The co-occurrence of mtDNA mutations on different oxidative phosphorylation subunits, not detected by haplogroup analysis, affects human longevity and is population specific.

Authors:
Nicola Raule, Federica Sevini, Shengting Li, Annalaura Barbieri, Federica Tallaro, Laura Lomartire, Dario Vianello, Alberto Montesanto, Jukka S Moilanen, Vladyslav Bezrukov, Hélène Blanché, Antti Hervonen, Kaare Christensen, Luca Deiana, Efstathios S Gonos, Tom B L Kirkwood, Peter Kristensen, Alberta Leon, Pier Giuseppe Pelicci, Michel Poulain, Irene M Rea, Josè Remacle, Jean Marie Robine, Stefan Schreiber, Ewa Sikora, Peternella Eline Slagboom, Liana Spazzafumo, Maria Antonietta Stazi, Olivier Toussaint, James W Vaupel, Giuseppina Rose, Kari Majamaa, Markus Perola, Thomas E Johnson, Lars Bolund, Huanming Yang, Giuseppe Passarino, Claudio Franceschi
Year of publication:
2013
Volume:
-
Issue:
-
Issn:
1474-9718
Journal title abbreviated:
AGING CELL
Journal title long:
Aging cell
Impact factor:
6.714
Abstract:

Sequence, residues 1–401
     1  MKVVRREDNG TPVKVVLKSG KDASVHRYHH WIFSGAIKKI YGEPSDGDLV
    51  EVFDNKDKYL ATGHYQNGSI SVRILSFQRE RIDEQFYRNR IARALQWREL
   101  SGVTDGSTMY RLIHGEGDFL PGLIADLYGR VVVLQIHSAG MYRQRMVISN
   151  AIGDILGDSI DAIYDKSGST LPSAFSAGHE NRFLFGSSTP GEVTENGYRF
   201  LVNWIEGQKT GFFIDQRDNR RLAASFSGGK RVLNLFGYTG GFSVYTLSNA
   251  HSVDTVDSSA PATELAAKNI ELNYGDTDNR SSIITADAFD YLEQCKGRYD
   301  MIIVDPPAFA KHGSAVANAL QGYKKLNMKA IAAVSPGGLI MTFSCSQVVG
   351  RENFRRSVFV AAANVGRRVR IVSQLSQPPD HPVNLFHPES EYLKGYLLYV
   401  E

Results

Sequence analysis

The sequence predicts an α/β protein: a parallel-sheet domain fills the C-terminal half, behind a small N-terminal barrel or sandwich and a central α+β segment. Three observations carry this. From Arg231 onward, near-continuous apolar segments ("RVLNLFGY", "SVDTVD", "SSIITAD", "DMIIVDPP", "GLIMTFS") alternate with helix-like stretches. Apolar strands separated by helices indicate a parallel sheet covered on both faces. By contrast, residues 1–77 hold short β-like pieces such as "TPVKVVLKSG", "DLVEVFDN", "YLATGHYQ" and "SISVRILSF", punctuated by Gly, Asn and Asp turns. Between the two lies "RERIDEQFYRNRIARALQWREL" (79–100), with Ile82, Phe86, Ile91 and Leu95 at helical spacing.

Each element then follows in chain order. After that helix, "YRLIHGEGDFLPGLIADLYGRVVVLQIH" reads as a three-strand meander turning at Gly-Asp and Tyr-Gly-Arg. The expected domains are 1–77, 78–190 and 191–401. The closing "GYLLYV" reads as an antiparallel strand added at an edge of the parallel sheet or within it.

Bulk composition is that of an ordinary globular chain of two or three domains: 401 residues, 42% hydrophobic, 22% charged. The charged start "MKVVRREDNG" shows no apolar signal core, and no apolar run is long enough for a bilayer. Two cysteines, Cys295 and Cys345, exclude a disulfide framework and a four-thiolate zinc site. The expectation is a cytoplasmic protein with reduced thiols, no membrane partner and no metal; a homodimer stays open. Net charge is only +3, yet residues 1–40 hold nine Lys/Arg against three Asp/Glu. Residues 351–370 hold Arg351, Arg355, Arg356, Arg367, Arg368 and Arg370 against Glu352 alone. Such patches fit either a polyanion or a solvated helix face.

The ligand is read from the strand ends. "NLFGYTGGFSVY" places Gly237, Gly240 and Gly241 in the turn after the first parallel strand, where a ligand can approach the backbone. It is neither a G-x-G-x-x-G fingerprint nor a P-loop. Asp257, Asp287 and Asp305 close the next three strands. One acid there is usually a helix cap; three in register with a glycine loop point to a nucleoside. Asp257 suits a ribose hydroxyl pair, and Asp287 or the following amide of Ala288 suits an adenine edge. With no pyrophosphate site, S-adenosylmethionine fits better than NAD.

To re-examine the correlation between mtDNA variability and longevity, we examined mtDNAs from samples obtained from over 2200 ultranonagenarians (and an equal number of controls) collected within the framework of the GEHA EU project. The samples were categorized by high-resolution classification, while about 1300 mtDNA molecules (650 ultranonagenarians and an equal number of controls) were completely sequenced. Sequences, unlike standard haplogroup analysis, made possible to evaluate for the first time the cumulative effects of specific, concomitant mtDNA mutations, including those that per se have a low, or very low, impact. In particular, the analysis of the mutations occurring in different OXPHOS complex showed a complex scenario with a different mutation burden in 90+ subjects with respect to controls. These findings suggested that mutations in subunits of the OXPHOS complex I had a beneficial effect on longevity, while the simultaneous presence of mutations in complex I and III (which also occurs in J subhaplogroups involved in LHON) and in complex I and V seemed to be detrimental, likely explaining previous contradictory results. On the whole, our study, which goes beyond haplogroup analysis, suggests that mitochondrial DNA variation does affect human longevity, but its effect is heavily influenced by the interaction between mutations concomitantly occurring on different mtDNA genes.